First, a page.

“Vegetables are naturally very low in calories and fat which means that you can eat a lot of them without gaining weight. A cup of vegetables only has between 20 and 50 calories while a cup of pasta or rice has about 200 calories. If you substitute high-calorie foods for vegetables, you can easily and safely control your weight,” says Vogt von Heselholt, who says that vegetables are also high in water and fiber.
“Fiber provides volume which keeps you feeling full longer while helping to suppress your appetite. Fiber also helps prevent changes in energy levels and blood sugars which leads to less fat being stored,” she says. “While fiber doesn’t provide calories, bacteria in the gut can feed on it and that could potentially affect weight loss. As a result, fiber helps you feel satisfied longer which makes you naturally eat less and lose weight. Vegetables also take longer to chew and eat which means that you generally eat less.”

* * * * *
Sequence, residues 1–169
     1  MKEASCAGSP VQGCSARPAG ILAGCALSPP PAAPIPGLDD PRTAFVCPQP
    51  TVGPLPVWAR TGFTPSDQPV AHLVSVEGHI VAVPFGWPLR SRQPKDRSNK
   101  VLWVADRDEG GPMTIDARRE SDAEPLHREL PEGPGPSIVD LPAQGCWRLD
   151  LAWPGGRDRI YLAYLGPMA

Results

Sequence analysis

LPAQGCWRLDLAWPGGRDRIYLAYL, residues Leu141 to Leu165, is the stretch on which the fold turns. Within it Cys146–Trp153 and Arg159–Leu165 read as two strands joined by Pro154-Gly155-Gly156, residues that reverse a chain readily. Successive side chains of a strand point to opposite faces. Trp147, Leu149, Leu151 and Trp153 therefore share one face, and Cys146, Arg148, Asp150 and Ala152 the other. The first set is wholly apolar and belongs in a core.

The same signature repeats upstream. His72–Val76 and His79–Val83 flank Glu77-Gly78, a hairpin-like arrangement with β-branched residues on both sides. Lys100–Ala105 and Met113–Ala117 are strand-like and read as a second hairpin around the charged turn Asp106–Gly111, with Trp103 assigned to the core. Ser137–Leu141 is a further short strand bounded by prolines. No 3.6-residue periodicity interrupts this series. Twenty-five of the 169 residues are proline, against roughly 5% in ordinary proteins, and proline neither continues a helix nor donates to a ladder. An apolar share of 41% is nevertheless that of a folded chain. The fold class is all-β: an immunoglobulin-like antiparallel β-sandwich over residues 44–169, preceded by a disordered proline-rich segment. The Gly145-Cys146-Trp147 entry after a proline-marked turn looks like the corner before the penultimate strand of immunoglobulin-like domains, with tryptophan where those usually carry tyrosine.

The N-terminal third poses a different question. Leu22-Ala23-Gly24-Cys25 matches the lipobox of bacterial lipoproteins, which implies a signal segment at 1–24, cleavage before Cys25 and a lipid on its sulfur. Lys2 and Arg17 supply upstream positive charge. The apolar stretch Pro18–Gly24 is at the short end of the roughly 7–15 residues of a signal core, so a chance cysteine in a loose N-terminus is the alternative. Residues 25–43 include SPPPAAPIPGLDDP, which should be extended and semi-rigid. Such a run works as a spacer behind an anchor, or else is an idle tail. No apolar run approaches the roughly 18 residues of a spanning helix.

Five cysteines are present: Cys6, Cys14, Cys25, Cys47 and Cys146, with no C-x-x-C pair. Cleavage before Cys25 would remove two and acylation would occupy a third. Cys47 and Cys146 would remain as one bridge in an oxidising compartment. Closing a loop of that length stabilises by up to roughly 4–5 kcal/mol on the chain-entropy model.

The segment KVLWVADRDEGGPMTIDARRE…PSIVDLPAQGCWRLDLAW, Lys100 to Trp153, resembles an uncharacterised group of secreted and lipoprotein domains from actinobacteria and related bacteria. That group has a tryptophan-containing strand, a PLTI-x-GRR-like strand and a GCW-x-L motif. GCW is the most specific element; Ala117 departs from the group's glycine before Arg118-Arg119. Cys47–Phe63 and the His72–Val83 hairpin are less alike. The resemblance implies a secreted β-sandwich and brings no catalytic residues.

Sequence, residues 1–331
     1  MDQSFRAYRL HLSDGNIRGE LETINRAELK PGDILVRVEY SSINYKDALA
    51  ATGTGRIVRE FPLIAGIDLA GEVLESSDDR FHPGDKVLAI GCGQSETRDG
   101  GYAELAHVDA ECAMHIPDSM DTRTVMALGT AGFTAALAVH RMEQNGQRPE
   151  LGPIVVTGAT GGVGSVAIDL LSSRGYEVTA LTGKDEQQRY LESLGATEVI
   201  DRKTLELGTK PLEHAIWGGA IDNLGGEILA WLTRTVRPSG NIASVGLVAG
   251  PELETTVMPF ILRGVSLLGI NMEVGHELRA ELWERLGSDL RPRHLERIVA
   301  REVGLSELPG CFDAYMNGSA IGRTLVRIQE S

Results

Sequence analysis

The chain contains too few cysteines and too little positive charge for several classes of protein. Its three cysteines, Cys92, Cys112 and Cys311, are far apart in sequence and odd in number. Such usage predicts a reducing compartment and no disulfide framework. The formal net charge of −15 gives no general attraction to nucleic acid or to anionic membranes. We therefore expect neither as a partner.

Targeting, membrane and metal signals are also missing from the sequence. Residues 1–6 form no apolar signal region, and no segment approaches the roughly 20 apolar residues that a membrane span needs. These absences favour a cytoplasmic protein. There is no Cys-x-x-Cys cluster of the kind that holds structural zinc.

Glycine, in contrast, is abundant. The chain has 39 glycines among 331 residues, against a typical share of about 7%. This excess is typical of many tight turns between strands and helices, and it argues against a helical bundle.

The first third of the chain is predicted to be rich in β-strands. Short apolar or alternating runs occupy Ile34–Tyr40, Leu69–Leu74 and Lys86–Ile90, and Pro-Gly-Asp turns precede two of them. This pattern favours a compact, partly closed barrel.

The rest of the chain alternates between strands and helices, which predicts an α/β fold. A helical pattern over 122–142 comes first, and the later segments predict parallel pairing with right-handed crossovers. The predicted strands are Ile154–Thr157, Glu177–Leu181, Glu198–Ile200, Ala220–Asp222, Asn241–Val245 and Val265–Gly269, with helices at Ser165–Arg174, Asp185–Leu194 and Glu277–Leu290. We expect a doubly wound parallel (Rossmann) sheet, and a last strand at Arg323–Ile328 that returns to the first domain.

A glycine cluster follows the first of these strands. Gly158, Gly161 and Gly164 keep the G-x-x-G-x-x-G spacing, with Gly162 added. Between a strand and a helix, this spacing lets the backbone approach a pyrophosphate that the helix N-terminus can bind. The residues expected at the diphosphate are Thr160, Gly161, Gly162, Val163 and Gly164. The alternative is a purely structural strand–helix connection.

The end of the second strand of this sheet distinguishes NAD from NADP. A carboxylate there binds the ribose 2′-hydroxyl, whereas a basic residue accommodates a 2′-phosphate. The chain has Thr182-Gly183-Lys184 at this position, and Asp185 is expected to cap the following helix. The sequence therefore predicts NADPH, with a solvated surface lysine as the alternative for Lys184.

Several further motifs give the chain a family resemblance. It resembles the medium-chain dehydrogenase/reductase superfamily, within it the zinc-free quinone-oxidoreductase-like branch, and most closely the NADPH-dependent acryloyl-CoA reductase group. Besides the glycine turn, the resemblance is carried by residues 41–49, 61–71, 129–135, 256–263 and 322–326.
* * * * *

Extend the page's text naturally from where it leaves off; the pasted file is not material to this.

Want to reap the benefits of vegetables in your diet? Check out these seven amazing vegetables to eat if you want to drop weight.
If you’re hoping to see the number on the scale go down, add this dark leafy green into salads, pasta, and even smoothies pronto.
“[Arugula] is a green that is filled with flavor. It’s spicy and makes a very delicious and interesting salad base. It’s filled with fiber, folic acid, vitamin K, other vitamins and minerals,” says Ellis Hunnes. She adds that arugula helps with weight loss because it’s very low in calories but high in fiber, taking a while to eat and so it reduces the overall calories eaten during a particular meal.